CAB files are
used by Microsoft to package files into a compressed archive file
whose name usually ends with .cab (just like zip files, but done
the Microsoft way).
A set of java classes can be packaged into a cab file. This allows
a lengthy code installation to be performed once only. On subsequent
browser visits the users JVM detects that the classes are
already downloaded. Therefore the applet can start immediately.
This technique has been successfully used to develop a set of
applets which use Suns Swing java classes (around 1Meg download),
on an ISDN based intratnet as well as local area networks.
Microsoft Internet Explorer versions 3.x upwards understand cab
files. cab file names can be referred to in object tags, or applet
tags. This is a feature well worth knowing when developing Java
software for MSIE.
This technique also opens up Javas printing abilities to
an applet writer. A signed applet can (depending on the users
security settings) print, read and write files on the users
There now follows a brief explanation of how MSIEs JVM
locates class files.
On any Windows installation there is a directory within the Winnt
or Windows directory. This directorys name is Java.
This is where Microsofts JVM looks for class files.
MS's Java Subdirectories:
- Classes: holds the Java core & Microsoft classes,
sometimes found in a file called classes.zip.
- Lib: this is where we will download our class files.
Files placed here are on the class path, and usually MS JVM
looks here for files, before going down the TCP/IP route. Fresh
installations of Internet Explorer do not have this directory,
installing a cab file creates the directory if need be.
- Packages: the use of this directory is not currently
- Trustlib: OLE Object Java wrapper classes are usually
placed here, for example AxctiveX control Java wrappers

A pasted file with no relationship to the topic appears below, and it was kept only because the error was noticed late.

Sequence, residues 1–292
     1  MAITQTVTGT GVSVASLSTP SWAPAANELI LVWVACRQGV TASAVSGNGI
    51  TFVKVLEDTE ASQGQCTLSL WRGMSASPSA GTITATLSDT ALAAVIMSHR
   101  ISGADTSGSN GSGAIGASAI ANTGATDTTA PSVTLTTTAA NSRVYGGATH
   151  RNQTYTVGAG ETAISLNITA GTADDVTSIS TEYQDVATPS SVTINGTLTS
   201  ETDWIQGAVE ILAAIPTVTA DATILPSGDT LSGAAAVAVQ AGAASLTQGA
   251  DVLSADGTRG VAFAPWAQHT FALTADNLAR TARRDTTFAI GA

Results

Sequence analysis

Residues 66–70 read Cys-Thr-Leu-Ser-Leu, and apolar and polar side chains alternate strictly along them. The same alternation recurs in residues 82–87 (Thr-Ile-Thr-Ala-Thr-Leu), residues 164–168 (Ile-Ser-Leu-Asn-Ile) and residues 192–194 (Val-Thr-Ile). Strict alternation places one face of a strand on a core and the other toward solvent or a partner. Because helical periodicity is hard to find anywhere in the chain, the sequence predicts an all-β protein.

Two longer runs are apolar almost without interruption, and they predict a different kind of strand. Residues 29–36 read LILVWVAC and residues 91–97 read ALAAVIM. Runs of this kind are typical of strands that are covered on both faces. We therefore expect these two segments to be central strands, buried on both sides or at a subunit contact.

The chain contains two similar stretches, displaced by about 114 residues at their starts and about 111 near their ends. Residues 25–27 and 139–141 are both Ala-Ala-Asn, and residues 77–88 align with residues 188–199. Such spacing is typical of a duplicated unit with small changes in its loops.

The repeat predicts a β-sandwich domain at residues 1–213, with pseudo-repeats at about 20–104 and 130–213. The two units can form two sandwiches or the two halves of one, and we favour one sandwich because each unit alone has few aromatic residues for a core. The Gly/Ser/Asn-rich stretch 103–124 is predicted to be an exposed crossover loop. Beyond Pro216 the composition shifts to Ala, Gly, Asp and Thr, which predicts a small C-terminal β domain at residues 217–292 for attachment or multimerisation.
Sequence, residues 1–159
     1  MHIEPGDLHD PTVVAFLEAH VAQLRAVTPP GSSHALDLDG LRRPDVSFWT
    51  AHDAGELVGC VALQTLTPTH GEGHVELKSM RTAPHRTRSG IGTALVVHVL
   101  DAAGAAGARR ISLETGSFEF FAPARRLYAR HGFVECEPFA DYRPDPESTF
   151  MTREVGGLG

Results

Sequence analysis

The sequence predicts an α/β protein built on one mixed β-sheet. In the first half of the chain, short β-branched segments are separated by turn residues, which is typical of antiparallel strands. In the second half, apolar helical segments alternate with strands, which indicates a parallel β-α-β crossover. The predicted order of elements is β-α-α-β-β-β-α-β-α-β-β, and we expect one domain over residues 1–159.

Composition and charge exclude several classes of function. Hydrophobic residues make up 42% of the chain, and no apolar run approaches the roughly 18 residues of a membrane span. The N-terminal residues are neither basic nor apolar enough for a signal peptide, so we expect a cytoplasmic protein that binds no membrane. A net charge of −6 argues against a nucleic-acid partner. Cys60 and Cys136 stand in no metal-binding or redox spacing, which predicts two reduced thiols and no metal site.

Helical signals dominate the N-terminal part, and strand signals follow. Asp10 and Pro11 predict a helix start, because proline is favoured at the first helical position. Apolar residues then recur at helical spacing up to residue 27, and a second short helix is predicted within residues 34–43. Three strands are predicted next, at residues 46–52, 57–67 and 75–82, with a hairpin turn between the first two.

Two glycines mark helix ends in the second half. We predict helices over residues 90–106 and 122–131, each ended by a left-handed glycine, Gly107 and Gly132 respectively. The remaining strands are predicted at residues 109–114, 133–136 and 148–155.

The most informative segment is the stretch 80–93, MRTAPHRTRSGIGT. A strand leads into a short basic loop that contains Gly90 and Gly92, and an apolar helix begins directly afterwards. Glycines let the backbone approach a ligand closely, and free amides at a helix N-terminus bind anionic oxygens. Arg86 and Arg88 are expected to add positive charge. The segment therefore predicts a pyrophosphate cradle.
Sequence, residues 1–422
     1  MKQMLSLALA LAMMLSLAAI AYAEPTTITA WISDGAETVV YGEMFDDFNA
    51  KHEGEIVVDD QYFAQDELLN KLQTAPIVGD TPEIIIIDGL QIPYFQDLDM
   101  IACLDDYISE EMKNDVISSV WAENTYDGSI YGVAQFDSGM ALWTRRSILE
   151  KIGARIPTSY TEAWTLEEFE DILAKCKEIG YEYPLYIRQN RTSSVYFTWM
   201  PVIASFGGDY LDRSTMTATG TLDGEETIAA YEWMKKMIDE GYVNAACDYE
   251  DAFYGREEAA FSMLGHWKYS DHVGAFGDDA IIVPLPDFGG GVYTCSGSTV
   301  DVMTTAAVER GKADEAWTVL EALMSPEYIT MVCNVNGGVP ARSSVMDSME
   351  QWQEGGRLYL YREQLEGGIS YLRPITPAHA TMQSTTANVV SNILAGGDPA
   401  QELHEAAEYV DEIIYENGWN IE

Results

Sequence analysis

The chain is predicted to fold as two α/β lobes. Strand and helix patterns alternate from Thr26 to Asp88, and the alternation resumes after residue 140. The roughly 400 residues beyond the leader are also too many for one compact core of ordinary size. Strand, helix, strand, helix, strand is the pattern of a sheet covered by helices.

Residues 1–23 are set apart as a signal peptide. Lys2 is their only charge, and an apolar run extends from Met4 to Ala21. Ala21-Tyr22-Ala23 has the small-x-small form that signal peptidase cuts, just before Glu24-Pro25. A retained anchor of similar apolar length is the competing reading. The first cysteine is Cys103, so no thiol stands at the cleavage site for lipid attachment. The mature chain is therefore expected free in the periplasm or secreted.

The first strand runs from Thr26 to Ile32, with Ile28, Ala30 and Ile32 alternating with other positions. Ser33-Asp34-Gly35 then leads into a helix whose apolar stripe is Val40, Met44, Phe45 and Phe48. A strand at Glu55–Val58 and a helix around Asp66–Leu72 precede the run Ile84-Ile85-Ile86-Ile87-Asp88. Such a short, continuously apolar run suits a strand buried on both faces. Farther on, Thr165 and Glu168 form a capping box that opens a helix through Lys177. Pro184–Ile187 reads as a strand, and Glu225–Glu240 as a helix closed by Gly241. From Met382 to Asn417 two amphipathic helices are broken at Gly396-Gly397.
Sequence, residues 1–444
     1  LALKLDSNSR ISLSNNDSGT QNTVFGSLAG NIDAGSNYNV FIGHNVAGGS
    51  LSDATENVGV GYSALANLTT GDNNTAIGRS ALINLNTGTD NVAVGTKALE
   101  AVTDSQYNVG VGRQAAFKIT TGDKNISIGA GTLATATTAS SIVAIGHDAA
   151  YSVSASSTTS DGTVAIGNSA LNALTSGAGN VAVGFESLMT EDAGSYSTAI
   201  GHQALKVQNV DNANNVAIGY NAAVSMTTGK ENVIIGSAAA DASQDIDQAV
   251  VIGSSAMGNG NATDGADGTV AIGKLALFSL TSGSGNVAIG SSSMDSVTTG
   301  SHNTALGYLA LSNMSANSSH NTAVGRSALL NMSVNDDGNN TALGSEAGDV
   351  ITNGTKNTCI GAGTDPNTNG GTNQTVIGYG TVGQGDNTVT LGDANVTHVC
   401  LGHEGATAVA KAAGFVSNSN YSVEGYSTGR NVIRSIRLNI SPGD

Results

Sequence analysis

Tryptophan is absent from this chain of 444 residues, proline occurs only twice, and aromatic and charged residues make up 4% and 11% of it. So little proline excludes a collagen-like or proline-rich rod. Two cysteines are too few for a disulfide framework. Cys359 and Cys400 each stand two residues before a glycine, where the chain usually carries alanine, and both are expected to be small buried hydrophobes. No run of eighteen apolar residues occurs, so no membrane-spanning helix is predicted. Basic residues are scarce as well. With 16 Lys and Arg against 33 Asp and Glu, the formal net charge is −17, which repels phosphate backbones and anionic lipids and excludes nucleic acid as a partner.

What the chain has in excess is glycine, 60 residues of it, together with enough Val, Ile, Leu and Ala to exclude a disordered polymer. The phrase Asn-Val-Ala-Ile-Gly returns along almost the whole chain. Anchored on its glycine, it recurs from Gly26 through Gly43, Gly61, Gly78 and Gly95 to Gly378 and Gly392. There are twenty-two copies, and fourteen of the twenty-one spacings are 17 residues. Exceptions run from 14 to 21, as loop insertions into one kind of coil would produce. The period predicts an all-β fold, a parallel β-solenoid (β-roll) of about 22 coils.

By placing often used (and stable) class files in the lib subdirectory,
we can speed up applet download times. The JVM checks the directory
for any classes required before trying to download them.
All that remains is to explain how to package java classes so
that they end up in the users java\lib directory.
Here's a quick explanation of how to generate cab files
and put them on a web page.
Don't worry if it's confusing, it's probably meant to be that
Get The CAB SDK
First you need to make sure you have the correct cab manufacturing
utilities. The cab sdk is freely available on Microsofts
web site (somewhere). Alternatively MSDN subscribers will have
the sdk on one of the CDs (somewhere). Old SDK versions
dont handle long file names correctly. I have found that
extract.exe versions 1.00.0601 upwards function
correctly. To see the version you have, open a dos prompt in the
bin directory where the cab sdk is installed and type extract.
As an aside, windows installs an old version in the windows/winnt
directory, which does not handle long file names. You can copy
extract from the cab sdk to your windows directory to avoid confusion.
Wrap The Classes In A CAB Archive
All the required Java class files can be placed in a new cab
file by writing a small bat file, for example:
-p -r N innercab.cab *.*
- -p: this option preserves path (directory) information. It
is worth noting that the starting path is the current path,
as specified in the file list. If C:\Work\Java\Output\*.* were
given as the list of files to archive, the preserved file locations
would start at Work\Java\Output.
- -r: ask the cabarc utility to recursively scan subdirectories,
and add the files found to the archive.